“The Joe Rogan Experience” became exclusive to Spotify in 2020 after the host signed a lucrative deal with the audio streaming platform. “Call Her Daddy” by Alex Cooper, also a Spotify exclusive, followed Rogan on the charts. “Anything Goes With Emma Chamberlain,” which will become exclusive to the service next year, came in third.
Rogan’s podcast has made several headlines over the last year as the podcaster faced backlash from medical professionals and major musicians for touting COVID-19 misinformation. Niel Young asked to have his music removed from Spotify in protest of the company’s deal with Rogan, and several other artists soon followed.
Just a few days later, several clips resurfaced of Rogan using a racial slur. Many called to boycott Spotify for platforming Rogan, but his popularity did not seem to fade by the year’s end.
There are over four million podcasts available to stream on Spotify and over the last year, the platform has expanded into new markets.
It also has started launching podcasts from several high-profile figures, including Kim Kardashian’s “The System,” and Meghan Markle’s “Archetypes.” Both of those debuted mid-year and did not crack the annual top-five list.
Comedian Gives David Beckham Ultimatum: Exit Role at Qatar World Cup Or £10K in Donations Gets Shredded
“Not just the money, but also your status as a gay icon will be shredded,” Joe Lycett said in a video.
Pressure on Beckham
Comedian Joe Lycett posted a video on Sunday saying he would shred £10,000 if soccer star David Beckham does not pull out of his deal to be an ambassador for the Qatar World Cup.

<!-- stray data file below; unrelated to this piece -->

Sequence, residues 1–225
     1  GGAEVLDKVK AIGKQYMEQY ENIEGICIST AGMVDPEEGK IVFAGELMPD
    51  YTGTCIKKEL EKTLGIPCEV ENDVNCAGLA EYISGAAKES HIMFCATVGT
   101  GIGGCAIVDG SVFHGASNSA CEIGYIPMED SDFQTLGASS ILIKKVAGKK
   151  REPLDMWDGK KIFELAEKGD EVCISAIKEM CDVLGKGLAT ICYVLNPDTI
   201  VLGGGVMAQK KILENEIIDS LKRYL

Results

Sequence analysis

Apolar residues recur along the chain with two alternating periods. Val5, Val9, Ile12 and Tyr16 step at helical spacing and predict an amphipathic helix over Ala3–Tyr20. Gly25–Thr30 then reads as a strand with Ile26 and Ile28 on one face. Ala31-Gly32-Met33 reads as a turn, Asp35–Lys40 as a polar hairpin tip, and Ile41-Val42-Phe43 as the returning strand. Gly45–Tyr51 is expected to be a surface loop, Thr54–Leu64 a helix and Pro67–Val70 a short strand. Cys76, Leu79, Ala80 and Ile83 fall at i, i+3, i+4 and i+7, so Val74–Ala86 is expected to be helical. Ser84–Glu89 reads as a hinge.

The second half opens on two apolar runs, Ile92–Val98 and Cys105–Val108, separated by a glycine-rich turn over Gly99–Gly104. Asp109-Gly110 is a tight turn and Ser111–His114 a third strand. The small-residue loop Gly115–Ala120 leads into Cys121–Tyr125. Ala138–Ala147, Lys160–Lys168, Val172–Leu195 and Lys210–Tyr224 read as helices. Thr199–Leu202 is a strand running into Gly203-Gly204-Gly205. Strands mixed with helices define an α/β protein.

Ahead of the event, which kicks off on Nov. 20, many have been raising concerns about human rights abuses in Qatar. The country criminalizes homosexuality, and it can be punishable by death.
Beckham’s deal to represent the country was reportedly worth £10 million, and many are frustrated that the athlete took such a big check from a country with known anti-LGBTQ laws. In his video, Lycett noted that Beckham has been openly supportive of his gay fans and was the first premiere footballer to do a photoshoot with a gay magazine.
In an attempt to get Beckham to bow out of his role, Lycett, who is pansexual, offered an ultimatum.
“If you end your relationship with Qatar, I’ll donate this £10,000 of my own money, that’s a grand for every million you’re reportedly getting, to charities that support queer people in football,” he stated. “However, if you do not, at midday next Sunday, I will throw this money into a shredder.”
“Not just the money, but also your status as a gay icon will be shredded.”
Beckham’s Reputation “Shredded”
Lycett said he would livestream the money shredding if that’s what the situation comes to. If Beckham does not back out of the World Cup, Lycett noted he will be forced to “commit what might be a crime,” as destroying legal tender is against the law in the U.K.
“Although even then, I reckon I’ll get off more lightly than I would if I got caught whacking off a lad in Doha,” Lycett quipped.
Lycett then linked to a website titled https://benderslikebeckham.com/, which includes a written version of his message, as well as a countdown to when he will either shred the cash or send it to a non-profit.
Lycett is not the only U.K star to raise concerns about issues in Qatar. Singer Dua Lipa shut down speculation that she would be performing at the World Cup over the weekend by saying she has no intentions to visit the country until “it has fulfilled all the human rights pledges it made when it won the right to host” the event.
Other stars, however, including BTS’s Jung Kook, are slated to take the stage.
See what others are saying: (CNN) (The Hollywood Reporter) (BBC News)
Federal Judge Dismisses Dave Portnoy’s Lawsuit Against Insider